For the first time, a “space hurricane” was observed in the upper levels of the Earth’s atmosphere, which confirmed the existence of the phenomenon and illuminated the relationship between the planets and the universe.
These unprecedented observations were made by satellites in August 2014 and were only recently discovered, following an analysis conducted by a study conducted by Shandong University in China, with the participation of scientists from Reading University in the UK.
The analysis enabled the creation of 3D shows a rotating mass of plasma 1,000 km wide, several hundred kilometers above the North Pole, that releases electrons instead of water and resembles the hurricanes we know on Earth.
“Until now, it wasn’t certain that there was a hurricane from the plasma, so it’s amazing to prove it with such strong observation,” said Professor Mike Lockwood, a British university scientist. “Tropical storms are associated with large amounts of energy, and these space hurricanes must be formed by unusually large and rapid transfers of solar wind energy and charged particles to the Earth’s upper atmosphere.” space hurricanes should be widespread. “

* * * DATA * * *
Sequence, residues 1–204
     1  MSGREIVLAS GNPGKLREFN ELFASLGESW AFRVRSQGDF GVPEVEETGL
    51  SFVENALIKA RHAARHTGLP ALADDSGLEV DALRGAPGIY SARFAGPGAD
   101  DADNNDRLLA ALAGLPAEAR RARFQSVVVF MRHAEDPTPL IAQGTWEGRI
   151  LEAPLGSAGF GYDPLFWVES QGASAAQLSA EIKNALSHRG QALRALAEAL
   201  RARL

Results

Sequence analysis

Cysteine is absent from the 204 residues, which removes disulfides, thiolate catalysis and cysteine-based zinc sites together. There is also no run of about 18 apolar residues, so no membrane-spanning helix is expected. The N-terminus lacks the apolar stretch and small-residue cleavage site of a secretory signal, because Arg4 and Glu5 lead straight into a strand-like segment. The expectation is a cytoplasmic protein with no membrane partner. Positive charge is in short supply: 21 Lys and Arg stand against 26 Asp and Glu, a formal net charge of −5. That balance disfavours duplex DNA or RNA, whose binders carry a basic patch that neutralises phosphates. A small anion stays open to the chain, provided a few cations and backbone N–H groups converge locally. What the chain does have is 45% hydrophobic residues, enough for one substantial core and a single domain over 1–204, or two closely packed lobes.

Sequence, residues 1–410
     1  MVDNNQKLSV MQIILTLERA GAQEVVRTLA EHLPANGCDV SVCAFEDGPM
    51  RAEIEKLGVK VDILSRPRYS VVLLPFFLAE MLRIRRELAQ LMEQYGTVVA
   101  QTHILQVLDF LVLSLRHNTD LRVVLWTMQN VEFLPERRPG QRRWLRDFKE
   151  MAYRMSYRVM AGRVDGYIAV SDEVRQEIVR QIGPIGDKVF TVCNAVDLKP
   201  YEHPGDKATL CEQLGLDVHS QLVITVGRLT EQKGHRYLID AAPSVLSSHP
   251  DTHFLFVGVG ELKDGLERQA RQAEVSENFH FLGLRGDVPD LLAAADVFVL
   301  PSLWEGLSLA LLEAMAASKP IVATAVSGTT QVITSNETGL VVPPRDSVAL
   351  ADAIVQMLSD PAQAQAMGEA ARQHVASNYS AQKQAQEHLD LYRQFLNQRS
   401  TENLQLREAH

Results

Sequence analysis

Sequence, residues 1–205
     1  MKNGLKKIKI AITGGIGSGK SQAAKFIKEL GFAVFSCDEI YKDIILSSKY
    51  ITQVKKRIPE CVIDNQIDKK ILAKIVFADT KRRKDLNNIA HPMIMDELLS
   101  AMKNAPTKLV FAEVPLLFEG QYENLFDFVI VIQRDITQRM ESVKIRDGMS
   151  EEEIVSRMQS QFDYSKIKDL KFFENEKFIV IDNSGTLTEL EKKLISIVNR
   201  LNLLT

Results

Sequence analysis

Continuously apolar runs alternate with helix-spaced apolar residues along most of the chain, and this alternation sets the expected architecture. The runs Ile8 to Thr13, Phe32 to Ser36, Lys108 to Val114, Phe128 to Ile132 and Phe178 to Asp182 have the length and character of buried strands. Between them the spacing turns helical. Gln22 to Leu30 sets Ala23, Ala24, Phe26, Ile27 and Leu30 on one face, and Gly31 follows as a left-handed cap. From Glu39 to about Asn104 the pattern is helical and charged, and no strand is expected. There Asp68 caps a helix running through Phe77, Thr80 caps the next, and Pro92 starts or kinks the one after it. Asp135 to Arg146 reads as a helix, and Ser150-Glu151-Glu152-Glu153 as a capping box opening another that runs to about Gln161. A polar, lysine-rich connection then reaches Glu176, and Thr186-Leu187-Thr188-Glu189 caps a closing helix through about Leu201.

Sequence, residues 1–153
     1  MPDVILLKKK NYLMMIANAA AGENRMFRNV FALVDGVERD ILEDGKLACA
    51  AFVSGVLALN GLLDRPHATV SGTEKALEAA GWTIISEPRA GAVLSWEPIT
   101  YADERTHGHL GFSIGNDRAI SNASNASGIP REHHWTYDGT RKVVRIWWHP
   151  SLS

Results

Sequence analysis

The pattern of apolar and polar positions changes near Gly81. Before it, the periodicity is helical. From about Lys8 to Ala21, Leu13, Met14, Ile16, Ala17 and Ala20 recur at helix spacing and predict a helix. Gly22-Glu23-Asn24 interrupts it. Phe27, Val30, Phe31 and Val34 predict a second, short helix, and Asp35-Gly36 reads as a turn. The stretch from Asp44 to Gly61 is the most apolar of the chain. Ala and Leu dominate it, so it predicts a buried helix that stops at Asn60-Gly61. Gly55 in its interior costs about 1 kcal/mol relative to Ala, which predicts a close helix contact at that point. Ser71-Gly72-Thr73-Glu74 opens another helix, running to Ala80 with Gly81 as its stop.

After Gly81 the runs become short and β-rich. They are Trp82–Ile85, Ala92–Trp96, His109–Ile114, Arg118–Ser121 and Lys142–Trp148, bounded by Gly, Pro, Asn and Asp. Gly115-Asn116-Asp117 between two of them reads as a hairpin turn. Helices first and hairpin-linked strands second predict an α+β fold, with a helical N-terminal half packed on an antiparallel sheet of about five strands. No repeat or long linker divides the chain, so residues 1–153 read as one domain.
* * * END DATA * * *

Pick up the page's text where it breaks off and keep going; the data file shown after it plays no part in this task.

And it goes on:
Hurricanes on Earth take place in the lower layers of the atmosphere above the warm amount of water. When warm, moist air rises, it also creates an area of low pressure near the surface that sucks in the surrounding air, causing extremely strong clouds and creating clouds that lead to heavy rains.
Hurricanes were also observed on Mars, Jupiter and Saturn, while giant solar storms were also observed in the solar atmosphere. However, space hurricanes have not previously been detected at the highest levels of the planet’s atmosphere.
The space hurricane analyzed by the team in the Earth’s ionosphere rotated counterclockwise, had multiple arms, and lasted about eight hours. In a study led by Professor Zhang Qinghe, scientists from China, the United States, Norway and the United Kingdom used observations from four satellites. DMSP (Defense Meteorological Satellite Program) and a 3D model of the magnetosphere for image production. Relevant findings were published in Natural communications.